Fundraising is a counter-intuitive profession. But it is a profession. Experts research fundraising tactics and test strategies to find out what works.
Often, the results seem illogical. Like is the case in writing fundraising letters that actually raise money.
The We/I Test
In our fundraising letters, we typically think our job is to convince donors that we – the nonprofit is a safe investment. So we talk about us, our accomplishments, all the great we are doing.
Is this your approach? There’s an easy trick to find out.
Populism was so last year, but this year we will pull our little socks up and all work together – won’t we? Indeed, we will build a bridge over the channel. Yes, a real one (probably designed by Thomas Heatherwick) not a metaphorical one and we will not burn it – will we? Then as the year gets going we will also build a modern circular Houses of Parliament without the built-in confrontation – why not?
So, that’s two capital appeals for the International Fundraising Consultancy and a bit of wishful thinking. And back to the real world – next year:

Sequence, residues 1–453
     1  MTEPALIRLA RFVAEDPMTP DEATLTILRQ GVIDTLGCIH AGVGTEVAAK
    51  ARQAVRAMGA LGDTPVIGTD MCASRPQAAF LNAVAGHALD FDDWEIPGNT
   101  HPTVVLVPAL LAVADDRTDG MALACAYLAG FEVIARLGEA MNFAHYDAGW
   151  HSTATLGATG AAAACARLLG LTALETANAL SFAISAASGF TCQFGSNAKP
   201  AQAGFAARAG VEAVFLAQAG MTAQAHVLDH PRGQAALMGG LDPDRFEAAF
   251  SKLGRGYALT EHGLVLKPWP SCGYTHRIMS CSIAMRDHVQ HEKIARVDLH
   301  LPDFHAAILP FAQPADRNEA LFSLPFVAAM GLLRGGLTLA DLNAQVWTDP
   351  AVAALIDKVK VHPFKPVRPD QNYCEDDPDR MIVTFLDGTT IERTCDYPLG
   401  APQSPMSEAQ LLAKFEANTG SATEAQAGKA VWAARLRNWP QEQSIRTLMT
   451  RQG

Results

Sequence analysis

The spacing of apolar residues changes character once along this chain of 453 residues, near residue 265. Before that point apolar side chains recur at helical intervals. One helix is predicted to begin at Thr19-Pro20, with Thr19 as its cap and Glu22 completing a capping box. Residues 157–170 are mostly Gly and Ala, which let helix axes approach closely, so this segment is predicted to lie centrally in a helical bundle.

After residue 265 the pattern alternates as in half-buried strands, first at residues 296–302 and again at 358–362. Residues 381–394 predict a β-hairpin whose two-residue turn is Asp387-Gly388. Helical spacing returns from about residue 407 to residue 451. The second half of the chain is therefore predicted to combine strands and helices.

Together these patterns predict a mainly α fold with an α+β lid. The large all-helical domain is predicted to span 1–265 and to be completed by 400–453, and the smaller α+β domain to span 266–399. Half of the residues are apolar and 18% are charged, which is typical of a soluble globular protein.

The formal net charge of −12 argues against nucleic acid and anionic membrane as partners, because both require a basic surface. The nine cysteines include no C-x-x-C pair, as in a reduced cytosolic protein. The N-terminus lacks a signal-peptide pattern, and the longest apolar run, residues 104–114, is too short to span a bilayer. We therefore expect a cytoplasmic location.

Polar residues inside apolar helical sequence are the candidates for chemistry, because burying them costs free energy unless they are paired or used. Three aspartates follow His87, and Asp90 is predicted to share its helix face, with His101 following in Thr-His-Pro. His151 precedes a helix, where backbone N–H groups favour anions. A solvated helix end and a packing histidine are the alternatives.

- Fundraisers will be back in the firing line
Unfortunately, populism may be even more entrenched and the sneeries may continue to attack us ‘do gooders’, with attacks on overseas charities (charity begins at home), charity executives (they haven’t earned it like er, car manufacturers, lawyers and bankers) and especially on fundraisers who shouldn’t exist, period. Yes, 2018 will be open season on fundraisers all over again, and the consequence will be less money raised for those in need and maybe even more agencies going down.
I have a feeling that the Daily Mail hate-news type of populism will deepen (in intensity not numbers) and shred support for many charities that rely on a mass of small donations. Leaving the Guardian-reading end of the market to keep them going, even as their income sinks under inflation and stagnant wages. The embitterment as Brexit fails to deliver its outrageous promises will be a sight to behold.